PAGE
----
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An Interview with Chad Michael Ward, Director of Strange Blood

by Mike Haberfelner

January 2014

Quick Links

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Your upcoming movie Strange Blood - in a few words, what's it going to be about?


Strange Blood is about a brilliant but obsessive scientist who becomes infected with a bizarre parasite that begins to transform him into a bloodthirsty madman.


How did you get involved with the project in the first place, and what drew you to it?


Pearry Teo [Pearry Teo interview - click here], the film's producer, approached me with the project in early 2011. It was still very much in its infant stage at that point, but I was looking for a feature to direct, and this film seemed like a great place to start.


Pearry Teo [Pearry Teo interview - click here] has both produced and written the story for Strange Blood - so what was your collaboration like, both during writing and shooting the film?


Pearry came up with the film's initial concept--a scientist who becomes infected and turns into a bloodthirsty madman. From there, we spent the next few months outlining the idea into a full concept. The film was greenlit by the end of 2011, at which point I set off to work on writing the script. It took me nearly 2 years to complete the script; the story greatly evolved from that initial idea and quickly became the body horror movie we ended up shooting. Throughout the writing process and the production of the film, Pearry gave me a ton of creative freedom to do the movie I wanted to do.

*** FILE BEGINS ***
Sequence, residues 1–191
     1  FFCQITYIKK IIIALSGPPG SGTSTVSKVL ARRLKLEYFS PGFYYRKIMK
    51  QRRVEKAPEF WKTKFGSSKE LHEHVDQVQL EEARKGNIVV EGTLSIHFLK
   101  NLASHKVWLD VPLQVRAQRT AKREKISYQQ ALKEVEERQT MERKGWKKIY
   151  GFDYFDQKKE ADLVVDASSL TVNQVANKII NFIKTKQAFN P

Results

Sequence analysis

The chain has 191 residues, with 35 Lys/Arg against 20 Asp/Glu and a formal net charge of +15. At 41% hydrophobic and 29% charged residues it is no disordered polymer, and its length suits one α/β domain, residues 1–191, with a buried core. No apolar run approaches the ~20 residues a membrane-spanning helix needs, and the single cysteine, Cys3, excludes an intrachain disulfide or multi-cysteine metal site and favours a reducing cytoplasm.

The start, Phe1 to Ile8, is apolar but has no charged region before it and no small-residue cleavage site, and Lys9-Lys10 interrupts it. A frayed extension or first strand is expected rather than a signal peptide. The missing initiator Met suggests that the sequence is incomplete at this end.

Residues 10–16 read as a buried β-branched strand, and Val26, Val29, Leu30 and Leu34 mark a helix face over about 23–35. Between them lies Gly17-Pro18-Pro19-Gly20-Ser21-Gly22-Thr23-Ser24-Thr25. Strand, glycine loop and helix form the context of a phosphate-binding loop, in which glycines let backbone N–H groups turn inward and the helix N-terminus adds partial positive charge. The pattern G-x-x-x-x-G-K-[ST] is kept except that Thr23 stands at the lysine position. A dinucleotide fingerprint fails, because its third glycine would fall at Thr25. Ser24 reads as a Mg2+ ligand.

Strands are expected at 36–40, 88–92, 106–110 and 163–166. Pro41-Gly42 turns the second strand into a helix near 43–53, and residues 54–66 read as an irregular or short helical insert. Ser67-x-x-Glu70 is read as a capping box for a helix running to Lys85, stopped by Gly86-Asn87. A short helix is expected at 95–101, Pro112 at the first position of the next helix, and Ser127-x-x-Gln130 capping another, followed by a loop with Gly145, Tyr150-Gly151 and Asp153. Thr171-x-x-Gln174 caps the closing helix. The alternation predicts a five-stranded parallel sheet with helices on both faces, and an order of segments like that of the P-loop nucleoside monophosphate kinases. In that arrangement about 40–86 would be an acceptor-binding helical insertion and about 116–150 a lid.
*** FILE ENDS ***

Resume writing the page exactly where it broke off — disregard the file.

How would you describe your directorial approach to your story at hand?


I wanted something very stylized for this film, something that would set it apart from its peers both visually and sonically. Now that we've got the picture in the can and I'm starting to receive some of the music tracks, I'd say we've definitely accomplished that goal.


You once noted that Strange Blood is "the most disturbing work of my career" - care to elaborate on that?


I don't want to give too much away, but there were quite a few moments during production where I couldn't believe we were getting away with some of the material we were shooting. I wanted to get people out of their comfort zone with this film, and I think we managed to accomplish that several times over.


Do talk about your cast for a bit, and why exactly these people?